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Martin and Lisa Price have decided to avoid traditional parenting methods in favour of a controversial new philosophy.

Their 2-year-old son Max is being raised as gender neutral, with the hopes of growing up with a stronger understanding of and sensitivity towards women.

Lisa describes gender neutral parenting as giving Max ‘the freedom to choose between stereotypically male and female clothes and toys without judging them.’

This appears to be working, as Max enjoys playing with both cars and dolls, and regularly switches between shirts and trousers and dresses and painted nails.


‘He loves pink!’ laughs his mum, who also says that his favourite dress is his black one decorated with pink flamingoes.

Dad Martin is perfectly happy for Max to follow whatever path in life he chooses, regardless of what aspects of which gender he ascribes to, believing that it’s ultimately down to him.

Though gender neutral parenting might not be for everyone, Martin and Lisa hope that the technique will give their son a good grounding in life, and provide him with the confidence to overcome any obstacle he may face.

‘He’ll become whoever he is without society telling him that he has to be a certain way,’ says Lisa.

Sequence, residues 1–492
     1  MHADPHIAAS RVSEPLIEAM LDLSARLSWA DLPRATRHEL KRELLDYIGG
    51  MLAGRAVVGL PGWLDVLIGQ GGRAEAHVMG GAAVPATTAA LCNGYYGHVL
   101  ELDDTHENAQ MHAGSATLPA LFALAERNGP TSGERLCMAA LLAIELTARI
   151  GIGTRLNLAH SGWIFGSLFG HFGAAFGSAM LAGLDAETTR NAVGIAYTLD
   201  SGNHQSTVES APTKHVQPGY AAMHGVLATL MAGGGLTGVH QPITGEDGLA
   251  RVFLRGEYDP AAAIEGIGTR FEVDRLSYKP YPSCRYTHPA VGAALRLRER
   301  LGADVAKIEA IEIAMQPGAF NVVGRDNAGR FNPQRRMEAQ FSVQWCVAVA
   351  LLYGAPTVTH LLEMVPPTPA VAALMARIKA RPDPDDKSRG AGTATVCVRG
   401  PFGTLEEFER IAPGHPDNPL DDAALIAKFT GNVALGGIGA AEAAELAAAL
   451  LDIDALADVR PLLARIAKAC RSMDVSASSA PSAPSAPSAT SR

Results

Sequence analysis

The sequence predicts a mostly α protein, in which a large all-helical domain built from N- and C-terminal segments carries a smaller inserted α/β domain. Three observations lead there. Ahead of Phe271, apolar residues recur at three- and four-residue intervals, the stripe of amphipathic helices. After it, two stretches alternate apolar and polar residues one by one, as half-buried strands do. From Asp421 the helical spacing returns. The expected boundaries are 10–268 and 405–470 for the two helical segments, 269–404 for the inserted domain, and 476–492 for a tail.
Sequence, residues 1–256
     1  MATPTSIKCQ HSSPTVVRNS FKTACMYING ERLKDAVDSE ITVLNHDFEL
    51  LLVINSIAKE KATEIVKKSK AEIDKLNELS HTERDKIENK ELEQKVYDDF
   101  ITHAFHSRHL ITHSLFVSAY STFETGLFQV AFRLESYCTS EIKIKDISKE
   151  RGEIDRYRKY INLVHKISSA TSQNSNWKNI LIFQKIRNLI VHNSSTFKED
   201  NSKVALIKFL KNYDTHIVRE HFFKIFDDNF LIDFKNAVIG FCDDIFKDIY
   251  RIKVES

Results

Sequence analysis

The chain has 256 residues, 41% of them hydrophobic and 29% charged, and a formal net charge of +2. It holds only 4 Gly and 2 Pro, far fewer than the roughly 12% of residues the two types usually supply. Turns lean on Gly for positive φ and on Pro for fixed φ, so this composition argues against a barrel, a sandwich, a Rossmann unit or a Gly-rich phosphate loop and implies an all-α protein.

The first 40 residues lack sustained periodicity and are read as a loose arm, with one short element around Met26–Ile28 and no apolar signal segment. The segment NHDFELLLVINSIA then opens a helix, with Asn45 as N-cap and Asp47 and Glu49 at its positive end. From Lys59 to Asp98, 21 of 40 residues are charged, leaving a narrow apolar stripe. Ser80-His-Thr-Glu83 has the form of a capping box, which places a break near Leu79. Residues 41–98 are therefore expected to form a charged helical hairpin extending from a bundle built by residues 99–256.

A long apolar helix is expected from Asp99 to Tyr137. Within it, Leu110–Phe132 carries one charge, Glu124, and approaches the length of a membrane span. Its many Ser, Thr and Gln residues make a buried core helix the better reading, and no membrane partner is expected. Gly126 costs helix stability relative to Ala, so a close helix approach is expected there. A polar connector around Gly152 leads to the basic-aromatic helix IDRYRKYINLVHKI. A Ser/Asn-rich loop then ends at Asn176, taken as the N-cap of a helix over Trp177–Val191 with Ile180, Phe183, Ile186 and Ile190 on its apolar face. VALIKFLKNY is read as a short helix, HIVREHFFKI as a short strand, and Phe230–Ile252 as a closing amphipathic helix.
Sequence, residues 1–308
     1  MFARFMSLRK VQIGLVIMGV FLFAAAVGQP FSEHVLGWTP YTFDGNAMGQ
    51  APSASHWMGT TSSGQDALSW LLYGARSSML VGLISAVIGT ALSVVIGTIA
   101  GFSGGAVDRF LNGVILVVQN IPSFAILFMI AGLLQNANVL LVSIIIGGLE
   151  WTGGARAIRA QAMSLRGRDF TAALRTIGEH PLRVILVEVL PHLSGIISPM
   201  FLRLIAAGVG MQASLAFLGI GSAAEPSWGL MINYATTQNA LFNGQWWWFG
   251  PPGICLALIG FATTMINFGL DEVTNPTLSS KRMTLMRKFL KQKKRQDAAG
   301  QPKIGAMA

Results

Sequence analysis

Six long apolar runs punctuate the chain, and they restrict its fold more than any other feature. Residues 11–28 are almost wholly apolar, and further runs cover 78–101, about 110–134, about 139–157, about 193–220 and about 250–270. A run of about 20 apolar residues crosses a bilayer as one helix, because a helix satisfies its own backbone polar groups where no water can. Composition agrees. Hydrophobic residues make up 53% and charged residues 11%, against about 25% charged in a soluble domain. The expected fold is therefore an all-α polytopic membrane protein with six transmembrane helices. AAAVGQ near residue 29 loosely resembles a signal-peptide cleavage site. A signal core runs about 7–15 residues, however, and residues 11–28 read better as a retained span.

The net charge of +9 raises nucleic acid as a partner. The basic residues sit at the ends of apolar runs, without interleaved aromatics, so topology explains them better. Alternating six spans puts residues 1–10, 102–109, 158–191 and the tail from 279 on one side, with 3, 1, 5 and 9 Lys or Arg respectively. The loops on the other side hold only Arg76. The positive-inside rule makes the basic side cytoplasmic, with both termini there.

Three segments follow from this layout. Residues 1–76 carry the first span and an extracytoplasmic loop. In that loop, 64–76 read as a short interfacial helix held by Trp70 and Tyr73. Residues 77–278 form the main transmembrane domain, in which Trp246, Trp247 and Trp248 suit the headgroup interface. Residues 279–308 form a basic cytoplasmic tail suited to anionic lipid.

What do you think of Martin and Lisa’s plan? Let us know in the comments section below… 

  • Lana Voreskova

    I just feel sorry for Max, because when he begins to grow up there are going to all kinds of negative repercussions because of what his parents are doing to him. Just imagine for example his first day in school with other boys, all of whom will see pictures of Max in his dress sooner or later. Max is being set up for a lifetime of torment and insecurity and serious metal health problems by these idiots; all so they can revel in their meaningless mantras about something called “gender equality.” Their duty as parents is to do the best for Max. Instead they use Max as a tool in their own quest for their own egotistical moral superiority.

  • There are claims of what Max likes to do, yet the video shows the unhappy boy clearly clothed by his mother in a dress, then having his nails painted (which, personally, I think is inappropriate for any child of that age). There is a damaging confusion between allowing a child to develop without stereotypes, and the impostion of stereotypical behaviours of the wrong sex.

    A little boy (or girl) does not need ‘a better understanding of women’ (he doesn’t even need to understand men at that age) nor can possibly get an understanding of what it is like to really be a female when endowed with a male body and brain. The bland assumption that it is beneficial in any way has been disproved ever since the first such experiment in Canada, of a boy so conflicted he committed suicide as a young man.

    Allowing a child freedom of expression is one thing. Pushing perceived gender stereotypes, especially of the wrong gender, is child abuse. Sexist, manipulative, brain-twisting, anti-social, child abuse.

  • Sue Boclair

    I can see some eventual problems down the road…

  • Cathy Zerby Walker

    Well, I hope they live in a rural country setting and plan to home school him. However, eventually he’s going to be with other kids who are going to make fun of him for this. It makes no sense to me to start your kids off in life struggling and always on the defensive side because of a not necessary decision the parents have made.